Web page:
Vernon Butts was a lowlife drifter with a long criminal record of petty offences who was what prosecutors refer to as "doing life in prison on the installment plan." He had been in and out of penal institutions, and was excited by sadistic homosexual activities — undoubtedly something he had picked up during one of his stays behind bars. Butts accompanied Bonin on several of his killing forays, and was as depraved and twisted as William. Together, they would prowl the highways of Southern California in Bonin's olive drab van, looking for teens to ravage. Butts would eventually be arrested for his role in the freeway killings and saved the taxpayers of California a great deal of time and expense by hanging himself in his Los Angeles County jail cell.

Three weeks after Grabs' nude body was found in Malibu Canyon, 15-year-old Donald Hyden of Hollywood turned up dead and mutilated in a trash bin near the Ventura Freeway. He had last been seen near the Gay Community Services Center in LA. Bonin and Butts had struck again. Hyden was raped and strangled with a ligature. His throat had also been slashed and an attempt had been made to castrate him. On September 12, 1979, the body of David Murillo, 17, was found near the Ventura Freeway. He had disappeared while riding his bike to the movies three days earlier. His head had been bashed in with a tire iron, he had been sodomized and strangled with a ligature.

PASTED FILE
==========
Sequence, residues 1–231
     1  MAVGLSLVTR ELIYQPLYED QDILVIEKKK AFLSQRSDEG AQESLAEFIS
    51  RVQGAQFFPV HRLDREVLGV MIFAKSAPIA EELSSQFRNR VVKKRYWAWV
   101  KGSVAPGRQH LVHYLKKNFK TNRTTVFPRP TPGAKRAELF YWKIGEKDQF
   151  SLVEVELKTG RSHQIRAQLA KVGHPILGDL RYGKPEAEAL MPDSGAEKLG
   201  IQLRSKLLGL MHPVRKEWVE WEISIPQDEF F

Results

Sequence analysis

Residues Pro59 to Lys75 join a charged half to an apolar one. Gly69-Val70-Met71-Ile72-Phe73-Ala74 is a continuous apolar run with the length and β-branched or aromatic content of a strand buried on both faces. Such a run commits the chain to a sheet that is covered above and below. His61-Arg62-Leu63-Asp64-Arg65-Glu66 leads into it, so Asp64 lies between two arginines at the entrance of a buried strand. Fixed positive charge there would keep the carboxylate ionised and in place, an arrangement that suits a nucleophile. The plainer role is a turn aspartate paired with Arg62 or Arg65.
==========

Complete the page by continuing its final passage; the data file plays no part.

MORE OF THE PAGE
For some time, Orange and Los Angeles County officials denied that they had a serial killer on their hands. Although the modus operandi of the three killings were similar, it wasn't until several more slayings occurred that authorities acknowledged what the media had been reporting for weeks. But the facts were there: somewhere in Southern California a serial killer was loose leaving few clues and seemed free to murder whenever the mood struck. "Like a Dope Addict" Bonin either laid low for several months, or changed his method of operation significantly enough to avoid being suspected of any killings until December 1979 when the body of Frank Fox, 17, was found in similar condition to the previous victims, near Ortega Highway and the I-5 freeway.